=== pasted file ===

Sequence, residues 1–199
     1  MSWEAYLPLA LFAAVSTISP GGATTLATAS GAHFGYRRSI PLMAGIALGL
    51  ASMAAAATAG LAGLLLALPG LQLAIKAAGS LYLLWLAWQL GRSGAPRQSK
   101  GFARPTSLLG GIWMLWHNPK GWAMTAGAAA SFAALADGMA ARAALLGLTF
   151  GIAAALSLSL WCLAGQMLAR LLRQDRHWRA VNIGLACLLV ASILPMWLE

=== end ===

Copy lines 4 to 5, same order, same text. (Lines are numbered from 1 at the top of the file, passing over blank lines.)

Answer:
   101  GFARPTSLLG GIWMLWHNPK GWAMTAGAAA SFAALADGMA ARAALLGLTF
   151  GIAAALSLSL WCLAGQMLAR LLRQDRHWRA VNIGLACLLV ASILPMWLE